A Florida Disney employee has torn up the company’s campaign to cover workers’ abortion travel costs, telling the Post on Saturday that it would be bad for business and “alienate” customers.
Jose Castillo, who works in resort management in Orlando, accused the Walt Disney Co. of trying to influence policy after it looked into the issue of abortion following the cancellation by the Roe Supreme Court v. Wade.
Disney was among the big names in America to speak out after the landmark abortion case was quashed on Friday, vowing in an internal memo that they would reimburse employees who must travel out of state for the procedure to be completed. carried out.
“Disney knew full well that this memo would be leaked and would make national news,” Castillo, who is also a GOP FL-9 congressional candidate, told The Post.
Get the latest updates from The Post following the Supreme Court’s decision to overturn Roe v. Wade.
“They sent it anyway because Disney wants to make a political statement and try, once again, to influence the political process in our country.”
Disney is also embroiled in an ongoing battle with Republican-dominated Florida and its Governor Ron DeSantis over the company’s opposition to the “Don’t Say Gay” law.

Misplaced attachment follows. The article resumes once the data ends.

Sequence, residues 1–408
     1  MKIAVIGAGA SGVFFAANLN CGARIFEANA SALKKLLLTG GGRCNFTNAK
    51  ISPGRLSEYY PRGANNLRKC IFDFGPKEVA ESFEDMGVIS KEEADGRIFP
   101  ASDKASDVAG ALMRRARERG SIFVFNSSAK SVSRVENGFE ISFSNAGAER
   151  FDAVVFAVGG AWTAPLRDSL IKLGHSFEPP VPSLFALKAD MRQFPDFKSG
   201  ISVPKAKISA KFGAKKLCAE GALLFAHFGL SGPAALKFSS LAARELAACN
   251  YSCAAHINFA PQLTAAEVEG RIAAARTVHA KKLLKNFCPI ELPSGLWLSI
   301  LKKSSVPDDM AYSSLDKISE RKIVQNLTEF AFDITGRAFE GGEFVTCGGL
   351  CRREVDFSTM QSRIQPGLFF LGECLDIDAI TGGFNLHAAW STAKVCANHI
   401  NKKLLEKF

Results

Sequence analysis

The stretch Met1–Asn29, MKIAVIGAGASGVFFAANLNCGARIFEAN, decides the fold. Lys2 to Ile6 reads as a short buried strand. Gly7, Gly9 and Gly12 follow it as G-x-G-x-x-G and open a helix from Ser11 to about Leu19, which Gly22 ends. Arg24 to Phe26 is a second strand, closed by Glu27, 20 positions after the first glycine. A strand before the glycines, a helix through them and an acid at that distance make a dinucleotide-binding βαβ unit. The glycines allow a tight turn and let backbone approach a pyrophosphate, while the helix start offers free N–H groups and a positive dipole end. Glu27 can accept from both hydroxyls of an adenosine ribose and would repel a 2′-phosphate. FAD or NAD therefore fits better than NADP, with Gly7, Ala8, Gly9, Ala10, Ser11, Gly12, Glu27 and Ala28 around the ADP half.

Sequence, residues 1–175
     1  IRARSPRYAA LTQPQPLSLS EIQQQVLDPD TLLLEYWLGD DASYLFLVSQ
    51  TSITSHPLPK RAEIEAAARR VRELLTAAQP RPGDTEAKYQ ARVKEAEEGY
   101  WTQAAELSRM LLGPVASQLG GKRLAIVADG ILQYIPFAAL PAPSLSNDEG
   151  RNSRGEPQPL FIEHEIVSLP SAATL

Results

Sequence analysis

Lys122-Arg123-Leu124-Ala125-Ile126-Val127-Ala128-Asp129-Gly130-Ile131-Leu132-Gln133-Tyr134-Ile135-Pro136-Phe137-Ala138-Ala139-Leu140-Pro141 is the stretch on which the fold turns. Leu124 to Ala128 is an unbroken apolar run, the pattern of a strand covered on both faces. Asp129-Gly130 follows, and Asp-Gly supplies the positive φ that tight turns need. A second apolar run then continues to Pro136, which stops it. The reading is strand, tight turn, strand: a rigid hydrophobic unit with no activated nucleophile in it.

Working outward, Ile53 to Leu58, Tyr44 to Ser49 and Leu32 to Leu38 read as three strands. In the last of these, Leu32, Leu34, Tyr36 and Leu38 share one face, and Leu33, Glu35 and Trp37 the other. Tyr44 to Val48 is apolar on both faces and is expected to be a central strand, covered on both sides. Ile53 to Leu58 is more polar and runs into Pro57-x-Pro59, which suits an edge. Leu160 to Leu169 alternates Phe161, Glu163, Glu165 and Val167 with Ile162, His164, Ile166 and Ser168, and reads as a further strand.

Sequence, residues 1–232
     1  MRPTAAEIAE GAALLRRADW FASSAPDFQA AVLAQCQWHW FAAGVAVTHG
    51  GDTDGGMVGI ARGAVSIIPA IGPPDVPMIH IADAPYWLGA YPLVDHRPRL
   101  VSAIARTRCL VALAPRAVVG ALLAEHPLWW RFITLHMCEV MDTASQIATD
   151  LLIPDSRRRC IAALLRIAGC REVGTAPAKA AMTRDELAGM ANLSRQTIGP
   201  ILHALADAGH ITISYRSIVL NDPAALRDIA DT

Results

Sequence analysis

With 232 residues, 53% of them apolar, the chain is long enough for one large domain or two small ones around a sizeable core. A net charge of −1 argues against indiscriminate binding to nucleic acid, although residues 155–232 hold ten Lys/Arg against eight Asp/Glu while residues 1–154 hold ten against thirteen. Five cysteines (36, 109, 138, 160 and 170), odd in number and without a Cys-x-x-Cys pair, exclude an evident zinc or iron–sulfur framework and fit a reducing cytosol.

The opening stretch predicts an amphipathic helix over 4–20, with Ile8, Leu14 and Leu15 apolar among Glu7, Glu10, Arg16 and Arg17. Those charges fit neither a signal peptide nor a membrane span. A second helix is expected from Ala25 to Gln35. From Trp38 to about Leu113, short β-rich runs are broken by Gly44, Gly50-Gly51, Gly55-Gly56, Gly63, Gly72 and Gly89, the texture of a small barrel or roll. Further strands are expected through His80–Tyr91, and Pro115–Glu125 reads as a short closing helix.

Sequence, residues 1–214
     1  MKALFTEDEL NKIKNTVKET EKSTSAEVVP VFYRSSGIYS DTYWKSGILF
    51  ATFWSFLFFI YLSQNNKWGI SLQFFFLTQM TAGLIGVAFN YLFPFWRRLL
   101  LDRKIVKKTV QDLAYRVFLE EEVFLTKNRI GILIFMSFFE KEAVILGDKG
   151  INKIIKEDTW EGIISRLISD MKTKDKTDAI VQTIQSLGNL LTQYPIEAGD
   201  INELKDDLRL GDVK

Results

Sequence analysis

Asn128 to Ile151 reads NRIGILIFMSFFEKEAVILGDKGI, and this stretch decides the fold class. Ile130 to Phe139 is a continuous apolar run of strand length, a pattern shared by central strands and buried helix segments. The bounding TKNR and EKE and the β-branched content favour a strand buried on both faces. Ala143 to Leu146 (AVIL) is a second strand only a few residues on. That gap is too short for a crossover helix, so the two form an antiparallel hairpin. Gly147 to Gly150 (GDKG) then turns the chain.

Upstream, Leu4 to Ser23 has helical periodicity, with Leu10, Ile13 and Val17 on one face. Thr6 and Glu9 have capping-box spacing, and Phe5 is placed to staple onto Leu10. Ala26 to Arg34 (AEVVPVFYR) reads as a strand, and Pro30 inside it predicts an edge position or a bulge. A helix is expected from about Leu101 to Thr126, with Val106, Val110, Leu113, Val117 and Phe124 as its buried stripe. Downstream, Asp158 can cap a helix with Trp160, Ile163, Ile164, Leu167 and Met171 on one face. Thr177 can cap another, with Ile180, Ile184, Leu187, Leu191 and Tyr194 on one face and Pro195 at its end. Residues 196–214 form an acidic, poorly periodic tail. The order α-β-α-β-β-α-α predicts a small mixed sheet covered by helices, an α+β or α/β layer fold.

“This is yet another attempt by Disney to take a political stance that will inevitably alienate potential customers,” Castillo said.
“As we have seen in recent months, Disney’s political activism has hurt the company financially and I believe the board is violating its fiduciary duty to shareholders by continuing to comment on divisive political issues. “
Disney joined companies including Meta, American Express, Bank of America, Goldman Sachs, Apple, Starbucks and Facebook’s parent company Lyft in taking similar action after Friday’s ruling.
While some of the most woke companies in the United States have taken a stand, a number of others have chosen to remain silent.
McDonald’s, PepsiCo, Coca-Cola, General Motors, Tyson and Marriott chose not to comment.
And Arkansas-based Walmart — the nation’s largest employer with a number of stores in states that will immediately trigger abortion bans — also remained silent.
Maurice Schweitzer, a professor at the University of Pennsylvania’s Wharton School of Business, said the handful of companies taking a stand on the court’s ruling were doing so because customers and employees expected them to s express.
“We are at a time when we expect business leaders to be leaders in the political sphere as well,” he said. “Many employees expect to work at companies that not only pay them well, but whose values are aligned with their own.”
But the vast majority of big-name executives are likely to avoid the thorny topic altogether — which also poses its own risks, he added.
“They can either cover travel for out-of-state care and risk lawsuits and the wrath of local politicians, or they can’t include that coverage and risk the wrath of employees,” Schweitzer said.
With post wires